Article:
First, the comparison protocol is evaluated from four aspects: user, evaluator running time, exchange data volume, and exchange times for the encrypted data of two-bit lengths. The experimental results are shown in Table 2. The running time is related to the comparison bit length. The longer the bit length, the longer the user and evaluator running time, and the greater the amount of data exchanged.
Evaluation of comparison protocol
The bit length
User(ms)
Evaluator(ms)
Exchange datavolume (kB)
Exchangetime
64
13.07
15.45
27.88
11
128
21.11
23.04
54.76
21
This experiment evaluates the calculation and comparison time of the user and the evaluator, the total amount of exchanged data and the number of exchanges. The specific experimental results are shown in Table 3.
kNNCM-MKHE performance test
Dataset
k
Number of bits
Participants
Distance calculation (ms)
kNN
Bandwidth (MB)
Exchange times
Heart Disease
3
128
user
904.15
7295.82
23.48
3071
evaluator
830.26
9002.36
Breast Cancer
5
128
user
846.76
16725.1
42.72
7357
evaluator
1351.35
22248.1
Credit Approval
3
64
user
789.33
2750.38
13.13
3219
evaluator
946.44
3046.93
To validate the performance of kNNCM-MKHE, experiments on the running time of kNNCM-MKHE when the number of model owners varies, as shown in Fig. 4.
The running time of kNNCM-MKHE (ms)
In the kNNCM-MKHE process, the evaluator and user are mainly involved, and it can be seen that the evaluator bears most of the computational overhead. At the same time, as the number of model owners increases, so does the running time of the evaluator and user.
Table 4 shows the comparison of evaluation time and accuracy under kNN plaintext and kNNCM-MKHE when n changes, n represents the total number of data.
The accuracy comparison of plaintext and ciphertext
The total number of training data (n)
Model
Evaluation time (s)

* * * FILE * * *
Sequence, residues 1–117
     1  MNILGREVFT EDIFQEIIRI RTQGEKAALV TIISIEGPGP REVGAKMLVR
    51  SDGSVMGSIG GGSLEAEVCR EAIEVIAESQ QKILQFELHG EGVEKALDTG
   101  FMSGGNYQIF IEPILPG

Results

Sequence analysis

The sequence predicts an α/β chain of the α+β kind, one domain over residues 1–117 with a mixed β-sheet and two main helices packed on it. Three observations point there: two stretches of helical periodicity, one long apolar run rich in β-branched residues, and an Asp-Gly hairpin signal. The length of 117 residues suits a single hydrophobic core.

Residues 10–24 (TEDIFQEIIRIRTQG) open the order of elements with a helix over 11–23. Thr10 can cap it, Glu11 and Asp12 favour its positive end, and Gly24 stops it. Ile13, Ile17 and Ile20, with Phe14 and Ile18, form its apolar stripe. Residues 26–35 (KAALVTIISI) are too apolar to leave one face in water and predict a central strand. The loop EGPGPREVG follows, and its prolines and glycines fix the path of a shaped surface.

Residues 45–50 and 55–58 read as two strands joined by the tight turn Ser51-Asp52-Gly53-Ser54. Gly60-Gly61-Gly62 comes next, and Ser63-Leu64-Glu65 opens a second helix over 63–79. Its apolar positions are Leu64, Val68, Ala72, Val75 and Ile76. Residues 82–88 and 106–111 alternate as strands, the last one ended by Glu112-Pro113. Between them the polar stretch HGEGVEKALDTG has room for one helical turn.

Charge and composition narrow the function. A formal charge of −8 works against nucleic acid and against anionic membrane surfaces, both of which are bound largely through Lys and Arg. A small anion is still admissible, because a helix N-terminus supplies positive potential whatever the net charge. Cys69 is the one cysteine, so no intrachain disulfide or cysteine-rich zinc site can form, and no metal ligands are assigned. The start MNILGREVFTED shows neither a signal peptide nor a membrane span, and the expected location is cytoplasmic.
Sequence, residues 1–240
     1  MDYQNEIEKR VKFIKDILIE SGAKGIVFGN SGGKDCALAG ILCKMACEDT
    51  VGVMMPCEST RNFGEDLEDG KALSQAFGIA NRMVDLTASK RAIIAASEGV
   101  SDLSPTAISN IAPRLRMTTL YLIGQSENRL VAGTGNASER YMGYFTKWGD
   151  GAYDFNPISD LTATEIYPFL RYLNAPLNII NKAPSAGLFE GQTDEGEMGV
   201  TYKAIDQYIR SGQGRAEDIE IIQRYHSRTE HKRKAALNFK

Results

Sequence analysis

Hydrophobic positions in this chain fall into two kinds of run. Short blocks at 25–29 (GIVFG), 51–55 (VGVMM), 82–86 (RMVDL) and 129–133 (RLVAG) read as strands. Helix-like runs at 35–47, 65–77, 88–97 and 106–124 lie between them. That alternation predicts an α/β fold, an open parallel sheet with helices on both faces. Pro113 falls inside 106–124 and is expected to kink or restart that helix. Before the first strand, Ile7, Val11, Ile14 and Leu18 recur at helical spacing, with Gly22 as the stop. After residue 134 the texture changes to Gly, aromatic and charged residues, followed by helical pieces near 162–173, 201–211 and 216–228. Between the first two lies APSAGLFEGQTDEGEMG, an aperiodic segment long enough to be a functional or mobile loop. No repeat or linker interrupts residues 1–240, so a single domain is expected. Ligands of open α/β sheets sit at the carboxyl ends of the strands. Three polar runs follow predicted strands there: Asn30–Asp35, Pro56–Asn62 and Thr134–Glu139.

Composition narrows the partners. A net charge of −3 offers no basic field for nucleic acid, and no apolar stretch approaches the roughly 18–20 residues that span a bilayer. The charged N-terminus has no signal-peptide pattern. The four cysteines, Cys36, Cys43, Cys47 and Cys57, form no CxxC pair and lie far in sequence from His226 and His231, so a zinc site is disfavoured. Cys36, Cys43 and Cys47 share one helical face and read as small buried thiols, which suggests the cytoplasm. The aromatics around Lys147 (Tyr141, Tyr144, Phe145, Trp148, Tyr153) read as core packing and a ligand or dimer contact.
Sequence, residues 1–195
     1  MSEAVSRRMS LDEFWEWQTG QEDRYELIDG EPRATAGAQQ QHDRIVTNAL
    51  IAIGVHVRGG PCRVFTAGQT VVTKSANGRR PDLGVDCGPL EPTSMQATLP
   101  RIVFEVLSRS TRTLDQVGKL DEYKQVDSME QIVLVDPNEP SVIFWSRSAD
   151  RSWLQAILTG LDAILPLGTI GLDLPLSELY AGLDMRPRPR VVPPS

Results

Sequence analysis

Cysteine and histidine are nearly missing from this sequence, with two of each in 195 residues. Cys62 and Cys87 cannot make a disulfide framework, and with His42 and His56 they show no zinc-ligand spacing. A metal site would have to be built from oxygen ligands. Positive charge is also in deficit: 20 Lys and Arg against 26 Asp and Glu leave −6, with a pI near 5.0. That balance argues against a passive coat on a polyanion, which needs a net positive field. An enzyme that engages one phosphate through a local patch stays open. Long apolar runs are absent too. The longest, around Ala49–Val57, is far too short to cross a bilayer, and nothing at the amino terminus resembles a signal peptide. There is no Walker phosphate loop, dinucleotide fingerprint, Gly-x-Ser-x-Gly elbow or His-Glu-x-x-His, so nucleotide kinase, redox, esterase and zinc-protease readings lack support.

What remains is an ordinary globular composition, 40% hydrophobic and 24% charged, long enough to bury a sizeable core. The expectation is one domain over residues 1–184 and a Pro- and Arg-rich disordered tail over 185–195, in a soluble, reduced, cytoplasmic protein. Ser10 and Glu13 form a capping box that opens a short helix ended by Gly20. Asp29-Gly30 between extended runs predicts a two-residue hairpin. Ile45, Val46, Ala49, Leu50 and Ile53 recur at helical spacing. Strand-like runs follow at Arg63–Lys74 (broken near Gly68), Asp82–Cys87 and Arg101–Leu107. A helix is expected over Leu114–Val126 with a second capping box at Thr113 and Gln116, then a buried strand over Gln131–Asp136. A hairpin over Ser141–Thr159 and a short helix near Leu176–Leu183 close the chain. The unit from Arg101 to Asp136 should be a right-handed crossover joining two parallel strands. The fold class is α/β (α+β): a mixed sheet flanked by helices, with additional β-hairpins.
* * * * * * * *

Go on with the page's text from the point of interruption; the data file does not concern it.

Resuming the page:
Accuracy (%)
300
kNN plaintext
3.3
92.68
kNNCM-MKHE
38.5
71.19
500
kNN plaintext
3.5
97.25
kNNCM-MKHE
53.7
74.44
600
kNN plaintext
3.5
98.41
kNNCM-MKHE
62.2
75.43
It can be seen from Table 4, evaluation over encrypted data is much slower compared to unencrypted data. Because computations on encrypted data are much more complex than plaintext computations. As the number of datasets increases, so does the evaluation time and accuracy rate, which proves that the proposed model is effective.
Fig. 5 shows the average running time of each stage on the three datasets of kNNCM-MKHE, including mode, euclidean distance, decrypt encrypted data and kNN neighbor.
The average running time of stage for kNNCM-MKHE three datasets (ms)
As can be seen from Fig. 5, the longest time consuming stage is finding k-nearest neighbor samples, and for Heart Disease and Credit Screening data, the k value is the same as the number of training samples, and the bits compared are 128 and 64, respectively. The time to find k nearest neighbors is almost half of Heart Disease. It can be seen that the number of bits is positively correlated with the samples of k nearest neighbors.
Conclusion
In this paper, we proposed a kNNCM-MKHE scheme that allows model owners to provide their encrypted models to outsource kNN classifier service, so that none of them can get access to other’s classifiers. Compared with previous works, our system protects data and models confidentiality. More importantly, we designed a secure computing protocol based on MKBGV to support the computation over encrypted data with different public keys and provided security proofs. Experiments have proved that collaborative evaluation of multiple model owners is feasible.
Funding Statement
This work was supported in part by the National Natural Science Foundation of China under Grant No. 61872069, in part by the Fundamental Research Funds for the Central Universities under Grant N2017012.
Conflicts of Interest
The authors declare that they have no conflicts of interest to report regarding the present study.